Greenhouse gases are gases that trap heat in the Earth’s atmosphere. They allow sunlight to travel through the atmosphere, but they keep the heat that the sunshine generates from leaving.
Greenhouse gases are mainly made up of Carbon dioxide (CO2), methane (CH4), nitrous oxide (NO), and water vapor are the principal gases responsible for the greenhouse effect, as are fluorinated gases.
These gases entrap heat in the atmosphere and contribute significantly to temperature rise and global warming.
Greenhouse gases have distinct chemical characteristics and are eliminated from the atmosphere through various processes over time.
Anthropogenic activity affects global climate via interfering with energy fluxes through changes in atmospheric gas composition rather than the actual generation of heat due to energy use.
Table of Contents
Main GreenHouse Gases
1. Carbon Dioxide
Carbon dioxide (CO2) is emitted by burning hydrocarbon fuels like gasoline, coal, natural gas, wood, and oil.
Due to human activities, carbon dioxide is added to the atmosphere. These fossil fuels comprise carbon, and when they are scorched, they combine with oxygen, forming carbon dioxide.
The World Energy Council notified that global carbon dioxide emissions from burning fossil fuels rose 12% between 1990 and 1995.
The growth from developing nations was three times that from developed countries.
The Middle East carbon dioxide emissions from the burning of fossil fuels increased 35%, Africa increased 12%, and Eastern Europe increased rates by 75% from 1990-1995.
The leading natural carbon sinks are forest and wooded areas, where trees absorb carbon dioxide and release oxygen.
Due to deforestation, carbon released into the air stays in the atmosphere, where it bonds with oxygen to form carbon dioxide, which adds to the greenhouse effect.
Due to an overload of chemical and reactive substrates, it is resulting in an imbalance in the sink: source carbon ratio. Furthermore, as CO2 levels rise, the energetic cost of carbohydrate exports rises.
Many industrial operations emit CO2 due to the use of fossil fuels. Several processes emit CO2 through chemical reactions that do not involve combustion, such as the manufacture of mineral products such as cement, the manufacture of metals such as iron and steel, and the manufacture of chemicals.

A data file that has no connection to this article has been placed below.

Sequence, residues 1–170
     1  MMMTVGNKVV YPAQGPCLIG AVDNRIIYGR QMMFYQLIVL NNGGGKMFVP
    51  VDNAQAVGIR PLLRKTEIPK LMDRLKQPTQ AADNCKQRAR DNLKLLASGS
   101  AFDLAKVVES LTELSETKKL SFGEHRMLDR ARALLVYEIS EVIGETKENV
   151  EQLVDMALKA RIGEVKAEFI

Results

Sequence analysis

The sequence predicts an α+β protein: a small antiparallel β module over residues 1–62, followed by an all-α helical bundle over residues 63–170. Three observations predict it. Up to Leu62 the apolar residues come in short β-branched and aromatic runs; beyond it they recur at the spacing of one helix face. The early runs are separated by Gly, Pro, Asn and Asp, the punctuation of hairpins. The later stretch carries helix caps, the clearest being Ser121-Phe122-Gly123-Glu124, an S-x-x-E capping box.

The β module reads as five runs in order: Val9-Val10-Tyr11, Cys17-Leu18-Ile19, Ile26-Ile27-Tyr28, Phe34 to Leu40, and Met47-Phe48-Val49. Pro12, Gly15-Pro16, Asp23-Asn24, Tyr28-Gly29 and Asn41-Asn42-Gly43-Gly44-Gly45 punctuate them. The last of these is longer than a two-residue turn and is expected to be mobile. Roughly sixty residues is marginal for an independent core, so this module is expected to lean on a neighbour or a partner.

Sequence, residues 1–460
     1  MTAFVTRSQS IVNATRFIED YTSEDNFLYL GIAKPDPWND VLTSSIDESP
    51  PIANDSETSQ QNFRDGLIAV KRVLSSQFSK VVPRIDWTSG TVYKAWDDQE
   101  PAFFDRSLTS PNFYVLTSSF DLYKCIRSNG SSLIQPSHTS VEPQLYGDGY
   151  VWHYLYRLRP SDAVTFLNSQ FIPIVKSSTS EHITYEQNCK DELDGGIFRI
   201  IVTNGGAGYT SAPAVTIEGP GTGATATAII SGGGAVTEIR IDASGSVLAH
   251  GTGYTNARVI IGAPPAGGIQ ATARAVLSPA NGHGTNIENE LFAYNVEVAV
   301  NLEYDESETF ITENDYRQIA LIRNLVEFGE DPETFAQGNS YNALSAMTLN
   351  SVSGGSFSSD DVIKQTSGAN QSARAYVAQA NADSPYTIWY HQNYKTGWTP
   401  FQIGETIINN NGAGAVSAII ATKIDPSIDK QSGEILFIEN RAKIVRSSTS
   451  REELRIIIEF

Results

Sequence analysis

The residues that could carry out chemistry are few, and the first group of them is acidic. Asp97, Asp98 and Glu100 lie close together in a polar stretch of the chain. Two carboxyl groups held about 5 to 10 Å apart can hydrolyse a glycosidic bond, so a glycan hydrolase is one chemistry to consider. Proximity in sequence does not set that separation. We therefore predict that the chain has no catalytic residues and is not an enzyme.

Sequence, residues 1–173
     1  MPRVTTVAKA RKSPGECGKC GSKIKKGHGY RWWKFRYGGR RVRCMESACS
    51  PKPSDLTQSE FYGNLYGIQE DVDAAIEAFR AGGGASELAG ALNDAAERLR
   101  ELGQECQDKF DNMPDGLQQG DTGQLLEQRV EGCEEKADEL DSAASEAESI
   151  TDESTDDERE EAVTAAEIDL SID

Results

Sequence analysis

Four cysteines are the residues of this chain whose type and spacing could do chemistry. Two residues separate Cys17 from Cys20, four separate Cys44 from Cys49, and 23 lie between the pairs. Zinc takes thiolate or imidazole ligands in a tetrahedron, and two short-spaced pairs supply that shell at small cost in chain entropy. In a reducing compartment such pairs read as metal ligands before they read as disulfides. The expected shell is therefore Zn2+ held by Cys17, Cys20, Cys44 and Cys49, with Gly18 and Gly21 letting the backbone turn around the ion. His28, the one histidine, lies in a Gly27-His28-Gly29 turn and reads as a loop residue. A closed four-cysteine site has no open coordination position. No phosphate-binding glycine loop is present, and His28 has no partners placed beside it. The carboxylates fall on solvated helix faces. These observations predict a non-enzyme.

The most effective way to reduce carbon dioxide gas is by minimizing fossil fuel consumption. Improving building insulation, driving more fuel-efficient automobiles, and using more energy-efficient electrical equipment are all strategies to reduce energy use and CO2 emissions.
A recent study found increased CO2 promotes photosynthesis in C3 species such as rice, soybean, and wheat. On the other hand, they warned that enhanced CO2 could cause negative feedback of photosynthesis.
The increased CO2 had a “fertilization” impact because crops increased their photosynthetic and stomatal conductance in response to increased CO2.
Additionally, we can reduce personal energy use by turning off lights and electronics when not in use, which minimizes electricity demand.
Reducing vehicle distance traveled reduces gasoline use. Both are methods of lowering CO2 emissions from energy consumption.
The primary organic trace gas in the atmosphere is methane (CH4). CH4 is a significant component of natural gas, which is used as fuel worldwide.
A methane molecule is assembled by the breakdown or decay of organic material. It can enter the atmosphere through natural processes such as the decay of plant material in wetlands, the seepage of gas from underground deposits, the digestion of food by cattle, or human activities such as oil and gas production, rice farming, or waste management.
Also, methane is produced and transported as a byproduct of coal, natural gas, and oil mining and transportation.
The second most influential anthropogenic greenhouse gas is methane after carbon dioxide. It has an indirect effect on climate through chemical feedback.
Anthropogenic methane emissions account for more than half of current worldwide methane emissions, with the main contributors being fossil fuel production, ruminants, rice farming, and waste disposal.
Methane has a far shorter lifetime in the atmosphere than carbon dioxide (CO2), yet CH4 is more efficient at trapping radiation than CO2.
Over 100 years, the comparative impact of CH4 is 25 times greater than that of CO2.
Agriculture is an essential source. Domestic livestock, like cattle, swine, sheep, and goats, create CH4 naturally as part of their digestive processes.
In addition, CH4 is created when animal dung is stored or managed in lagoons or holding tanks. Natural gas is primarily composed of methane.
Methane is discharged into the atmosphere during natural gas production, processing, storage, transmission, distribution, and crude oil production, refinement, transportation, and storage. Also, Coal mining contributes to CH4 emissions.
There are multiple methods for reducing greenhouse gas emissions from the industrial sector, including energy efficiency, fuel switching, combined heat and power, the use of renewable energy, and more effective material usage and recycling.
Also, methane from coal mines can be captured and used for energy. We can reduce gas emissions from oil and gas production by adopting gas injection and on-site power generation technologies.
3. Nitrous Oxide
Nitrous oxide (N2O) is a potent greenhouse gas. It is estimated to contribute about 6% of the global warming effect due to greenhouse gases.
In the Stratosphere (a layer of the earth’s atmosphere), N2O is oxidized to form NO and NO2.